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Smarter Teams

Are some teams smarter than others? Have you taken part in a team that was completely dysfunctional? And have you also had the good fortune to work in a very effective team? What makes the difference? And did you perform as well, or in the same way, in both?

What makes a team “smart”?

Before answering this question, think about what makes you smart. Individual intelligence is defined by its broad scope, its generality. People who have good vocabularies also tend to have good math skills, for example, and vice versa.

So what makes a team smart? Research shows that groups that perform well on one task also perform well on other tasks. In other words, just like with individuals, it appears that some teams are just “smarter” than others.

However, smart teams are not necessarily teams filled with smart people. Neither are smart teams full of extroverts, or introverts, for example. Instead, there are three characteristics that distinguish smart teams from others.

  1. All team members contribute equally to the team’s discussions, without one or two people dominating the group.
  2. Members score higher on the “Reading the Mind in the Eyes” test, that is, they are better at sensing affect and emotions in another person’s eyes.
  3. Teams that include more women than men are “smarter,” in part because women tend to be better at mindreading.Smarter Teams

Virtual teams

These three attributes also hold for virtual teams. Even when team members can interact online only, smarter teams are those whose participants communicate a lot, participate equally and possess good emotion-reading skills.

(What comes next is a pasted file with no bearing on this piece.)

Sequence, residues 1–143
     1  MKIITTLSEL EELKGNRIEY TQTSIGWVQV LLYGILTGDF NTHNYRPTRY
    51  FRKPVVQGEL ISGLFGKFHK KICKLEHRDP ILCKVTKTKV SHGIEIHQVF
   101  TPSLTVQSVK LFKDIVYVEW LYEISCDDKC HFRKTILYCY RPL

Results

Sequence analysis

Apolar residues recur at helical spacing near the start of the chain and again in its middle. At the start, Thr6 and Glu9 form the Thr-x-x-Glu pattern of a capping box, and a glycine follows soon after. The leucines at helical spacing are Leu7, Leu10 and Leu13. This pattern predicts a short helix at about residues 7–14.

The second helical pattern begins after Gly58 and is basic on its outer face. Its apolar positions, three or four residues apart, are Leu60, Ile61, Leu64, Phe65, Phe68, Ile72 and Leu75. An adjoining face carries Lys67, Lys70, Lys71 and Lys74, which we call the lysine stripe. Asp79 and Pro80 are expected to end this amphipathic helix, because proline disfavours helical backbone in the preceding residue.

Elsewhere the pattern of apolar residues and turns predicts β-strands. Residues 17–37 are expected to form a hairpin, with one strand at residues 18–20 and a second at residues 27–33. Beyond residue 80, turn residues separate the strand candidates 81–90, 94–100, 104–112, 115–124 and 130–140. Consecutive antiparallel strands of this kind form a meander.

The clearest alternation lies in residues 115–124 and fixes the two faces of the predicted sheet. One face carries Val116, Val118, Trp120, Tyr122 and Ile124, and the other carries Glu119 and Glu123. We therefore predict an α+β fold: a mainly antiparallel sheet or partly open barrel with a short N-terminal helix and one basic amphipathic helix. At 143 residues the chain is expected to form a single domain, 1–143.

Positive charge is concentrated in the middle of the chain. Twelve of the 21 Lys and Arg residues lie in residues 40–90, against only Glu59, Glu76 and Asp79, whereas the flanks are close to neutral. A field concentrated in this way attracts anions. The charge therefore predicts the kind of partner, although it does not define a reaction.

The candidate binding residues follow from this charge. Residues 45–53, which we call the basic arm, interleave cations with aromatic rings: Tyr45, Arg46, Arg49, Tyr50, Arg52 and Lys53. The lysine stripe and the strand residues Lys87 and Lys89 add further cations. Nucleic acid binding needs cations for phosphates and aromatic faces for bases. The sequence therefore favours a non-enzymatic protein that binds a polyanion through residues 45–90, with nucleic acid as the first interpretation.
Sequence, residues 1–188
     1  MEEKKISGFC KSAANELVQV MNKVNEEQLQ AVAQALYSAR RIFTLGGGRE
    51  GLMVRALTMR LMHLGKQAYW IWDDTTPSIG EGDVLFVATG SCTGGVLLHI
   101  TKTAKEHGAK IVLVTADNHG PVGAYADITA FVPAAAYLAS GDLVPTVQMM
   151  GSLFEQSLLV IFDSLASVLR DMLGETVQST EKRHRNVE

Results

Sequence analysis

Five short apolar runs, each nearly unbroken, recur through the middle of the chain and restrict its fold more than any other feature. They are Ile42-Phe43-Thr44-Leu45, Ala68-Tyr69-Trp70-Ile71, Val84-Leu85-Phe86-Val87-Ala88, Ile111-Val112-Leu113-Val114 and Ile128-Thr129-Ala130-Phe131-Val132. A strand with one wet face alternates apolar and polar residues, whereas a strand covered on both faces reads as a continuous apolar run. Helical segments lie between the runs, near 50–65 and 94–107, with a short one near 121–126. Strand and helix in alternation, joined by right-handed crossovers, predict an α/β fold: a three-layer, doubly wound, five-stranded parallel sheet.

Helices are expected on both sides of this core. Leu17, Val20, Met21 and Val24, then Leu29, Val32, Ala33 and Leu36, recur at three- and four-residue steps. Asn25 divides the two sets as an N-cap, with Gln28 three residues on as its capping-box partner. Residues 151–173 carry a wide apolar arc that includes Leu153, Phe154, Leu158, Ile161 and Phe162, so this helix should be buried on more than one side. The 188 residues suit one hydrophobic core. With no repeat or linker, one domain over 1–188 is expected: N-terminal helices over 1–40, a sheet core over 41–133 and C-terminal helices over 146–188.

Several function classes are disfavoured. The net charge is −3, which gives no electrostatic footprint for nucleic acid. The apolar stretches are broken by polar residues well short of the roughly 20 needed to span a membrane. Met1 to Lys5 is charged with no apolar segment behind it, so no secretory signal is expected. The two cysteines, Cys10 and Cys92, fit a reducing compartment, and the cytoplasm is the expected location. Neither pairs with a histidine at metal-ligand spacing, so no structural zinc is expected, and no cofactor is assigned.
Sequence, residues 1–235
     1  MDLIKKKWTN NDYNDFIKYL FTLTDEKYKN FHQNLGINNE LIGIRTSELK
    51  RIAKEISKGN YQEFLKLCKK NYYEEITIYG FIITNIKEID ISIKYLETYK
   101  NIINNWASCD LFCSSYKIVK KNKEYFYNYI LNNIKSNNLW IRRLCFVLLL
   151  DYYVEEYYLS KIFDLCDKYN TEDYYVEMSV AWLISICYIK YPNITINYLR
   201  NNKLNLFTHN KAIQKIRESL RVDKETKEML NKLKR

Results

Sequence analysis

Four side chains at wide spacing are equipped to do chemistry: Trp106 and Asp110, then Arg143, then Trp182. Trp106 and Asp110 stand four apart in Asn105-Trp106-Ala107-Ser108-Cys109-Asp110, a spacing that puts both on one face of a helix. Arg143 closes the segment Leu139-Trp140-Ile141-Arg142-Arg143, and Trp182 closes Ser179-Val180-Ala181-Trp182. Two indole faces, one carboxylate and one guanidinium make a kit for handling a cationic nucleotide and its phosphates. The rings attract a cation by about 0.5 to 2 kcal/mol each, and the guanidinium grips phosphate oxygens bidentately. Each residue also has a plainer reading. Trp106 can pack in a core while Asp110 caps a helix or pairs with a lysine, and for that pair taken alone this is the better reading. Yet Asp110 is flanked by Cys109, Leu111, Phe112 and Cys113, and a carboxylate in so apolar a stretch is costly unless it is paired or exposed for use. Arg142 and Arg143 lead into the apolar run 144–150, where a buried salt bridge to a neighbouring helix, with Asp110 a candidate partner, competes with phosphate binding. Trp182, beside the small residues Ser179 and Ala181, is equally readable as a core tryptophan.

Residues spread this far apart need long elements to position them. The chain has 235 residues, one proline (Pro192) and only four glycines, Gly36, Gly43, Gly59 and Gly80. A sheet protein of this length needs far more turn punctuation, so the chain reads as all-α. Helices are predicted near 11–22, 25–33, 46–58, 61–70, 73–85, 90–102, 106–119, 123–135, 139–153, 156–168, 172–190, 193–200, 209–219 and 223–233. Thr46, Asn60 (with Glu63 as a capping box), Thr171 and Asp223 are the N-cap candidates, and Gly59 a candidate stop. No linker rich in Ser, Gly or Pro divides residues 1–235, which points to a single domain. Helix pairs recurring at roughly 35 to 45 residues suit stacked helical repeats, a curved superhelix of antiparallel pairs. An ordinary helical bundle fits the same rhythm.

Innovation teams

We talk a lot about the need for individuals who drive an innovation project at Organizing4Innovation. Yet, these individuals cannot succeed on their own. They need a team. An individual can only achieve so much by him or herself, while the collective input of a team supporting the innovation endeavor can transform the idea into a practical, usable and valuable, and even a great solution.

Building a “smart” team is not an easy task, but some of the tips given above hopefully will help.

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Interested in learning more about how to build a smart and successful innovation team?  Please contact us or visit our homepage for more information.

References

New York Times 2015: Why some teams are smarter than others